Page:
'Stripped': A documentary examines the American comic strip

In addition to interviews with other artists, 'Stripped' directors Dave Kellett and Frederick Schroeder managed to track down elusive 'Calvin and Hobbes' creator Bill Watterson for their new film. Here's a review.

Small Fish Studios
'Stripped' is directed by Dave Kellett and Frederick Schroeder.

"Stripped," the new documentary by cartoonist Dave Kellett and filmmaker Frederick Schroeder, delves into the past, present and future of the art form of the comic strip.

The movie follows the growth of the comic strip as a cornerstone of newspapers and how, in its heyday, some cartoonists were as popular as their creations. But in recent years, the comic strip business has been hit hard as newspapers began to fold across the country, leaving new cartoonists to seek a new place for their strips – the Internet.

The filmmakers use the cartoonists themselves to discuss the history of their strips along with their own personal journeys, including successes, failures, and their lifelong love of the medium – a wise decision. Participants include Mort Walker of "Beetle Bailey," Jim Davis of "Garfield," Lynn Johnston of "For Better or For Worse," Mike Krahulik and Jerry Holkins of "Penny Arcade," Kate Beaton of "Hark! A Vagrant," and the elusive Bill Watterson of "Calvin and Hobbes." This film is the first time Watterson has ever allowed his voice to recorded.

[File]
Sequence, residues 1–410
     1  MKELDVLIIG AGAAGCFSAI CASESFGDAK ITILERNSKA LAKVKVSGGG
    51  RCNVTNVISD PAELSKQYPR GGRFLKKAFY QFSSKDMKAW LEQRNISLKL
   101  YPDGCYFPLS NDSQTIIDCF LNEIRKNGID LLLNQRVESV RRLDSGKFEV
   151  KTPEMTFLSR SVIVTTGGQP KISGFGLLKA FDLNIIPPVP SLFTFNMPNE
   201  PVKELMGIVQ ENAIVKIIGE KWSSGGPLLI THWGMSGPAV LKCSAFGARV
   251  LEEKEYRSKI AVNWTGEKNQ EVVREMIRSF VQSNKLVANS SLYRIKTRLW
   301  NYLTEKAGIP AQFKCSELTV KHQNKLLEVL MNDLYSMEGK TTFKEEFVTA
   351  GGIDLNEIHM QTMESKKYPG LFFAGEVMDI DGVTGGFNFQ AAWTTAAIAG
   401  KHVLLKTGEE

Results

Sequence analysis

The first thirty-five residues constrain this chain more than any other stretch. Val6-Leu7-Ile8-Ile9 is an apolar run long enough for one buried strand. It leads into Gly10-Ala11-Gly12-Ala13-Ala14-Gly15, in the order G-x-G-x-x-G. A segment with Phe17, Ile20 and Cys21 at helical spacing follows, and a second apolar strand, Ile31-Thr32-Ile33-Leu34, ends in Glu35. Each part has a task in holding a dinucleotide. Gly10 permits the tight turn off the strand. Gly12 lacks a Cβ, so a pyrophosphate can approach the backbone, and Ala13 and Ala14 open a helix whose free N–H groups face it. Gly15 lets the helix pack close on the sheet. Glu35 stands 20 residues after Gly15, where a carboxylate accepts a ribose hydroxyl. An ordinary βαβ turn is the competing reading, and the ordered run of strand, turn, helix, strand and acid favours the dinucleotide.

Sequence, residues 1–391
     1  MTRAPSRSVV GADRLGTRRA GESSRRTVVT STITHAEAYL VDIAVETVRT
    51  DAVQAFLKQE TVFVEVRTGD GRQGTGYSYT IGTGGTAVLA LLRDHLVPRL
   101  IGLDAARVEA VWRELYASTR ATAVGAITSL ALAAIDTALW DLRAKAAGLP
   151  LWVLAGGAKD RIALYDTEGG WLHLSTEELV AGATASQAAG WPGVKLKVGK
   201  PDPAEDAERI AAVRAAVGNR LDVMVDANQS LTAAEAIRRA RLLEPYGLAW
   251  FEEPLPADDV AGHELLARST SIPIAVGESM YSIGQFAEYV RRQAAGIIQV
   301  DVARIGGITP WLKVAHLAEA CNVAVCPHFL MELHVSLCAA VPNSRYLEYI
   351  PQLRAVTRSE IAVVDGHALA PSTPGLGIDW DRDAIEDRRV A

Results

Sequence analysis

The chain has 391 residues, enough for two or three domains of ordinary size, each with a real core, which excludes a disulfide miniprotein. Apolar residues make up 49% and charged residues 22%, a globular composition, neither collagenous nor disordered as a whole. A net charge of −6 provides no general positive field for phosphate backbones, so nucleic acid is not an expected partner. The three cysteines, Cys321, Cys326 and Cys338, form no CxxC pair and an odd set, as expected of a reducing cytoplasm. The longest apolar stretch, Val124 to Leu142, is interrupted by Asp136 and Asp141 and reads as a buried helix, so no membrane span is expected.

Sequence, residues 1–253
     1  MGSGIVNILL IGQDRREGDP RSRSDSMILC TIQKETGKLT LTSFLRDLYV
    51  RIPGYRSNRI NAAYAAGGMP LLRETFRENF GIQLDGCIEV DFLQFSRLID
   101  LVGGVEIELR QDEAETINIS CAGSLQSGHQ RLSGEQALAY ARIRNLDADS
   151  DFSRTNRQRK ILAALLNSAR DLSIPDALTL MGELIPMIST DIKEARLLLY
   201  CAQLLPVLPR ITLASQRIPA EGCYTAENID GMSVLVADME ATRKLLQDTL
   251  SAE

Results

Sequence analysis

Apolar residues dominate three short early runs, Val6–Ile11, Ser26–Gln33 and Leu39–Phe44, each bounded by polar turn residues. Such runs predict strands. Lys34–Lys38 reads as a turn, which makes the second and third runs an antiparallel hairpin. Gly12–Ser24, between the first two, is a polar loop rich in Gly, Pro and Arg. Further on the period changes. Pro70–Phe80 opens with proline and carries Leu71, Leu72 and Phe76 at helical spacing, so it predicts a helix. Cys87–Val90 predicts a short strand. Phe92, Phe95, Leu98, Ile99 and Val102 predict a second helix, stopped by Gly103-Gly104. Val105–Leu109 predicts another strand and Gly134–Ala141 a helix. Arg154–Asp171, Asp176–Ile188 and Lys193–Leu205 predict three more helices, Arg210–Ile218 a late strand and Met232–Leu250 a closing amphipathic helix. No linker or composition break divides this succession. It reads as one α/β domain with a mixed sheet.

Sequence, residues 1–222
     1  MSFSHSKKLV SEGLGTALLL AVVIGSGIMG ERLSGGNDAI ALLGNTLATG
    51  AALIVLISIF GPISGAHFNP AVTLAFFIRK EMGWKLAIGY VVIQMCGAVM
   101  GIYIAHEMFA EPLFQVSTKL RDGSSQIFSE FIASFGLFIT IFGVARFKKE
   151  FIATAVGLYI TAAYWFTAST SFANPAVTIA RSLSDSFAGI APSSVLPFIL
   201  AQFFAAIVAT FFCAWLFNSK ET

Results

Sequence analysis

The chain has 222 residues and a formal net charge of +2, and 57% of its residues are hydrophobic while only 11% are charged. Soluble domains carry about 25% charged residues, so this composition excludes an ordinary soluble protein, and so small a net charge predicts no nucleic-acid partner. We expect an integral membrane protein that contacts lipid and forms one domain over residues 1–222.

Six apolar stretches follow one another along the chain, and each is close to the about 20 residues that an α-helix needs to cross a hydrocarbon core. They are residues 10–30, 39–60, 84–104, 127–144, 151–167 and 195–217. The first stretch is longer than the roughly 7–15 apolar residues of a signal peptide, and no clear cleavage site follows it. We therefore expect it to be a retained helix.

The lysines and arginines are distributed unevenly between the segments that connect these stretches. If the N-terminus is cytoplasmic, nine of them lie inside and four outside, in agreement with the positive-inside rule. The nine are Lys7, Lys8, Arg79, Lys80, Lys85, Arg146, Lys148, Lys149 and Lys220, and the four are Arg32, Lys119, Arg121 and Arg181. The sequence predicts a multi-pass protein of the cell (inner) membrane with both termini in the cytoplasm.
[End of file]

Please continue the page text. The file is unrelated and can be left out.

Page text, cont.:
Although the film relies primarily on interviews, the visuals are not just talking heads. There's a constant stream of comic strips on screen and often, in a clever move, an artist appears inside a panel of a comic strip.

In addition to the history, the film explores the business side of comic strips, from how comic syndicates work to how online cartoonists earn a living.

The film is so absorbing that its run time of an hour and twenty-five minutes flies by.

While there have been several documentaries on comic books, "Stripped" is an overdue peek into this medium. The movie is a celebration of the joy and fun that comic strips bring to not only readers but to the artists that create them. 

The film is now available on iTunes.

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